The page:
Archive | December, 2016

(Pittsburgh) Photo Blog

26 Dec

These vibrant pictures are replete with reminders, and as I look at each one I think, ‘Yup, I remember exactly what was so special about that moment.’


Straight from Croatia to be with Katie and Dan Diamond for their exquisite wedding at PNC Park. ❤


“You’re a good driver,” said my dad.  Is there a better compliment?!


6am at Brittny and Rickys reception — I was in heaven.


Ecstatic girls, full of cake.


My hilarious best friend on team Level Up!


The famous Gab Bonesso!


Aunt Joan and Aunt Betsy in the fall. ❤


The fairy cottage. ❤


Cousins. ❤


Louis C.K. ❤


Proud to call Kendra and Eli my friends!  They’ve taught me so much about love. ❤


“Realizing it’s the good ol’ days while it’s the good ol’ days.” ❤


Jake and Colleen. ❤  We learned bar rules that night in Ithaca. And poor Hen was the sickest she had ever been.


Enzo snuggles after a night out with Rachel.


Deal me in!


Brian and Andrew, my wonderful friends, on their wedding night. ❤


“There’s joy inside of us.”


On a break from my office job volunteering for downtown Pittsburgh!


My role model, Vanja.


Empire’s first Christmas.


“Live a little!”  “I’m living a lot.” “Yeah, I’m trying to subdue you.” –  Hen




Happy Hanukkah!

An esoteric paragraph, because I don’t want to forget:
When Hailey and I played laser tag, Lou’s Little Corner Bar, framing Myanmar art with Emmy, Falling Water, Adam Day!, “Raping them over coals” — Colleen misspeaking to my parents re: pickle ball, Yom Kippork chops, Friendsgiving, Ben’s birthday, a cat-lady-bug on Halloween: a compound word for a girl, Election Night tacos and a sparkler for Virginia, capital laughter, when Helen ate a rose, Max and Art, Improv 102 with Chris, Kevin, Lori, Walter, Courtney, Ramsey, Joey, Nia, and Ben Mayer.



My 2016 travel summary:

6 weeks in Portugal — Telmo, Paula, and Iryna.
2 weeks in Spain — with my darling Colleen.
1 month in Morocco — and my first time in the desert.
8 days in Nicaragua — that will stay with Hen and me forever.
1 weekend in Mexico City.
6 weeks in the Balkans — year 4 with Katie Kuhn.
1 week out west; Colorodo, Vegas, and California.
And on December 25th, I leave for Vietnam.


I am ultra blessed to have a flexible job, and once again I’m ready to uproot myself; this time I’m heading to Asia.  I am taking a short break from Pittsburgh in order to rearrange my mental furniture, broaden my perspectives, and remind myself how little I actually need.


For the first time ever, I’m legally AdventureSam.



A Little High on STOKED

20 Dec

In October, I visited my bestie, Patrick, in Colorodo.  We camped in Crested Butte(iful) during a film festival and hung-out with incredible people.  The first day it rained; we watched a movie about Katie Lee, ate momos, laughed until we cried, and considered buying property.  The next morning I awoke to the sound of every different kind of zipper unzip, zip, zipping; sleeping bags yawned, jackets came off, backpacks got resituated, and tents were ventilated.  I took a deep breath of fresh, mountain air — the weather was idyllic.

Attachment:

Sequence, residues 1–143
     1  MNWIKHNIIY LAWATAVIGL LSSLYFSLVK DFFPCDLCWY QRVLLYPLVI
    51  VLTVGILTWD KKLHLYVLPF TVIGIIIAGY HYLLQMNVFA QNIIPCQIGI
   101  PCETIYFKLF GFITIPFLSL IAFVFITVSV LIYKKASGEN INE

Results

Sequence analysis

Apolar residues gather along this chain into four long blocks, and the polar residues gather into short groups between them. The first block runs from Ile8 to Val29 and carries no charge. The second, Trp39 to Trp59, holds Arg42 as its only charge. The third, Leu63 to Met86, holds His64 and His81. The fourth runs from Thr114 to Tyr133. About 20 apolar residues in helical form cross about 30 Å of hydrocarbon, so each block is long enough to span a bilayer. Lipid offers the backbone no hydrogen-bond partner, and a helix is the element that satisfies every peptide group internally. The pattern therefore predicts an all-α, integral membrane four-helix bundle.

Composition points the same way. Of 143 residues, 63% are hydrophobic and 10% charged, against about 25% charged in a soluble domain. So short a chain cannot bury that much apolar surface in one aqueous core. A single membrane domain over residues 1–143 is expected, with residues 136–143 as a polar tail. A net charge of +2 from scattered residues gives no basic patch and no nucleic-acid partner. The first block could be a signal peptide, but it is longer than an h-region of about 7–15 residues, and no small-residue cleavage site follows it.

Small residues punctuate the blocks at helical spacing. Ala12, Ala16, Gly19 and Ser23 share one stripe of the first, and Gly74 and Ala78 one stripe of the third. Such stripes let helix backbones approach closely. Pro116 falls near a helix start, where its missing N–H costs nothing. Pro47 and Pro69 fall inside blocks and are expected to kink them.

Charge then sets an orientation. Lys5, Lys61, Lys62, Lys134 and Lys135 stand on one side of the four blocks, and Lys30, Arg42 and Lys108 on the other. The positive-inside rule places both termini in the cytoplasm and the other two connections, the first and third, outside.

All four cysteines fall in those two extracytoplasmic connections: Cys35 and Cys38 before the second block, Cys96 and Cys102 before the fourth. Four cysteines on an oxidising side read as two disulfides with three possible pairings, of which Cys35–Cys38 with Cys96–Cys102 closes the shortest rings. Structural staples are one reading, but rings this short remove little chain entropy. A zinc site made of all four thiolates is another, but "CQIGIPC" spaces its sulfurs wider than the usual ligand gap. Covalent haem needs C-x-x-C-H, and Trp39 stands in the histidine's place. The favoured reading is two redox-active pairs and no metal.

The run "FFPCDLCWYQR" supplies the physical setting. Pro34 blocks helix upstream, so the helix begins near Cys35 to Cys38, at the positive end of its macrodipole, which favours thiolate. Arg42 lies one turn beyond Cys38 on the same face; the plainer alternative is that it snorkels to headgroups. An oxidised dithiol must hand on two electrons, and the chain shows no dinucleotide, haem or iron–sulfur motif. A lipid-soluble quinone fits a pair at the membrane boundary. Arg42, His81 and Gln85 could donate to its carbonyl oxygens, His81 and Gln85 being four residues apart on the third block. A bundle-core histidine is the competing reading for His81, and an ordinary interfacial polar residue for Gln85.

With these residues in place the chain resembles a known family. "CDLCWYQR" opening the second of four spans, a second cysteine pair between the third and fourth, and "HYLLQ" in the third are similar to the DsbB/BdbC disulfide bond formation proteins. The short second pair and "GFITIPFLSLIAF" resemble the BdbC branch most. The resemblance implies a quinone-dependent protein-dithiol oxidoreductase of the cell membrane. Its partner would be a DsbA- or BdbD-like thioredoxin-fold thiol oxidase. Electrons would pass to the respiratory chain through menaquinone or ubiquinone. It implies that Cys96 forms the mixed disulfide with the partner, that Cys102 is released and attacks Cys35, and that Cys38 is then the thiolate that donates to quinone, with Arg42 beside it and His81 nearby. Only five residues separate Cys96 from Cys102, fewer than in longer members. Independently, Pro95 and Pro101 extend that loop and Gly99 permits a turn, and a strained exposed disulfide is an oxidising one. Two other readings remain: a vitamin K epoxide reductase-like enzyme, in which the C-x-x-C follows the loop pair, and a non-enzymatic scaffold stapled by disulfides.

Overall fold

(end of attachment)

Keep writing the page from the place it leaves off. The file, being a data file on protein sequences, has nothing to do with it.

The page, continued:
I was left with no words but all the feelings.  Patrick brought everything we needed. ❤


Alex introduced me to the fashion term “power clash”.


Fly fishing, trout for dinner.


“Helping” Abe cook.


Catnip for humans.


“You’re not Patrick” — Nate, to me, proving that he is good at compliments.


The colours of the wind.


Those yellow butte(ies) are Aspens, connected underground, making them the largest organism in the world.

We ate a smorgasbord of s’mores, went for a hike, chatted about cowboys, warmed ourselves by the fire, ate fresh fish, and learned astronomy.  It was an amazing trip and I absolutely can not wait to go back.


From Colorodo, I visited the “Bay Area” where I saw the hilarious Ben Mayer and Tracey Morgan.


We drove a scooter across the Golden Gate bridge!


“Find a protest, join a protest, start a protest.”

I walked around UC Berkley campus, tried to pet squirrels, went on a scavenger hunt, and saw the movie “Seven”.  It was perfect.


Then! It was straight to Vegas for Brittny and Ricky’s wedding:


Epic location with epic people.


Beauty incarnate.


We saw Cirque de Sole on The Strip and I was elated to meet Scott, Michelle, Kelly, Doverspike, Jamie, Cassandra, Brandon, Natalie, Cheese Curl, moms, dads, and the rest of their crew. ❤


Scott: “Laughing so hard you cry while reading a menu?! Now there’s a happy girl.” ❤

To be fair, I’d never seen “pasta with fruit” listed as cuisine.


A few days later, I landed in LA LA land with my forever friend Molly and her boyfriend Brett.


All you can eat sushi.



My sojourn to the western US of A was busy, rich, and joyful!  I relished every second and wanted to extend it ALL.  I’m grateful to Ricky and Brit whose love was the inspiration and to all of my good friends for making me feel so welcomed!  I met wonderful, hilarious folks — an extension of Patrick, Brittny, and Ricky.  I hope that this post will enhance my memories and not overwrite them.  Next time, I think we should take more pictures. 🙂

Missing the Wild West,



NicaROCKgua: Hens Can’t Fly

14 Dec

Randall and Pablo joined us for the last few days of our road trip as they had a few days off for Easter weekend. We decided to spend Good Friday in typical Nicaraguan fashion – a relaxing day at the lake. The plan was to find a secluded place to cross skinny dipping off of Hen’s bucket list.